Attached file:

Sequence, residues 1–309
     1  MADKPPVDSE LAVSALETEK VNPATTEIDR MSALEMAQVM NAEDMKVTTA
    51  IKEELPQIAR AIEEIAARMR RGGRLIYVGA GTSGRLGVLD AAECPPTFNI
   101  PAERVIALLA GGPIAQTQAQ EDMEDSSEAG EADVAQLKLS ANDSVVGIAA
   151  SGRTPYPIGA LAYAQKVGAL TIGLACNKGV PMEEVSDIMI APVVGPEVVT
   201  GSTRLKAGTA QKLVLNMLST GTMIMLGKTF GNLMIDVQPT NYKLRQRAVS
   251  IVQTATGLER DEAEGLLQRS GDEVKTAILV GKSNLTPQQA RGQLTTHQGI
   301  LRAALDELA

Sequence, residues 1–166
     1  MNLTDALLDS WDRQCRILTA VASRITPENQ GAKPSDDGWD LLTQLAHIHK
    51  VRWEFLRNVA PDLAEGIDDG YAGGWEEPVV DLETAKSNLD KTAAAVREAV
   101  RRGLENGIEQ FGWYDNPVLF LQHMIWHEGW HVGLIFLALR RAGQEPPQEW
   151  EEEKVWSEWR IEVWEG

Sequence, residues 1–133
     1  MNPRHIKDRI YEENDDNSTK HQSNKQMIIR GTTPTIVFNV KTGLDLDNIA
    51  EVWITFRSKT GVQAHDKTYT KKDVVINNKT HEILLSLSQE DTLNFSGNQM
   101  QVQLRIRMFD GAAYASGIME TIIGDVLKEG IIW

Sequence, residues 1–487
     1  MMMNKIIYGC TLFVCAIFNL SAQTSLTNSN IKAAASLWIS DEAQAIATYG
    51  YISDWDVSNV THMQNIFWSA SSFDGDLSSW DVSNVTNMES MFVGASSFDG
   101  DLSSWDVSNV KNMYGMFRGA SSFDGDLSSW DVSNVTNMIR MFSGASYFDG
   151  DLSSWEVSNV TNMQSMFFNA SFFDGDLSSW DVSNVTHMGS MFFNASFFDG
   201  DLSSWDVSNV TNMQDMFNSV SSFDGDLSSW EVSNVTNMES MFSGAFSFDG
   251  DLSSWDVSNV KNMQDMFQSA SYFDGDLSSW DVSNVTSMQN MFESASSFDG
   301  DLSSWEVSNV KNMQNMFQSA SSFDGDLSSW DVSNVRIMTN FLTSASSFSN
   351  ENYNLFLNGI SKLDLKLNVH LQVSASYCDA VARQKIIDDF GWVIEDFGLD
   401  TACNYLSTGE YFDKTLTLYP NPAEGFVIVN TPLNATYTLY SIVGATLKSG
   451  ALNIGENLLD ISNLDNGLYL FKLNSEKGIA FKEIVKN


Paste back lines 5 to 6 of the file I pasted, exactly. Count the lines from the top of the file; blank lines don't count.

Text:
   151  SGRTPYPIGA LAYAQKVGAL TIGLACNKGV PMEEVSDIMI APVVGPEVVT
   201  GSTRLKAGTA QKLVLNMLST GTMIMLGKTF GNLMIDVQPT NYKLRQRAVS